In this imaginative book, Maya Jasanoff uncovers the extraordinary stories of collectors who lived on the frontiers of the British Empire in India and Egypt, tracing their exploits to tell an intimate history of imperialism. Jasanoff delves beneath the grand narratives of power, exploitation, and resistance to look at the British Empire through the eyes of the people caught up in it. Written and researched on four continents,Edge of Empireenters a world where people lived, loved, mingled, and identified with one another in ways richer and more complex than previous accounts have led us to believe were possible. And as this book demonstrates, traces of that world remain tangible—and topical—today. An innovative, persuasive, and provocative work of history.
In her debut book, Jasanoff challenges the idea that the British Empire imposed its own culture on its colonies, arguing instead that the empire thrived because it was able to "find ways of accommodating difference." As evidence, she traces the history of objects collected in India and Egypt by "border-crossers": diplomats and soldiers, "aristocrats and Grand Tourists" who, by collecting artifacts, influenced the homeland's perception of colonized countries. As she explains how various collections were put together through theft, excavation and connoisseurship, she personalizes the history by profiling those who were fueled to collect by the need for reinvention and pursuit "of social status and wealth." Jasanoff's narrative is most notable for synthesizing the study of architecture, art and commerce, as well as military and cultural history, and for digging deeper than predecessors. For example, in addition to the East India Company's infamous Robert Clive, she also profiles Clive's virtually forgotten son Edward, a much more ambitious collector. In this intriguing and readable book, Jasanoff, an assistant professor of British history at the University of Virginia, creates fertile common ground between the dominant stories put forth by postcolonial critics such as Edward Said and boosters like Niall Ferguson. 48 b&w illus. Agent, Andrew Wylie. (Aug. 30) Copyright 2005 Reed Business Information. -- PUBLISHERS WEEKLY.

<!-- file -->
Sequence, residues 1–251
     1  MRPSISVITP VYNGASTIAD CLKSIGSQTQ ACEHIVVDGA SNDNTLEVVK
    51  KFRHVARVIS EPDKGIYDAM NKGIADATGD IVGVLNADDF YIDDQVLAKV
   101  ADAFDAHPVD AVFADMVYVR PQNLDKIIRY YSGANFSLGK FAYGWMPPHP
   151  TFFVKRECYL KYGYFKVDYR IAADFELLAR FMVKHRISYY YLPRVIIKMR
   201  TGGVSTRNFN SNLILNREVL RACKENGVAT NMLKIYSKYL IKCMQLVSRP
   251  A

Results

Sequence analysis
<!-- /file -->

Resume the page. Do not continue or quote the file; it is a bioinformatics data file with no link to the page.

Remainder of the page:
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September 11, 2006
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Excerpt from Edge of Empire by Maya Jasanoff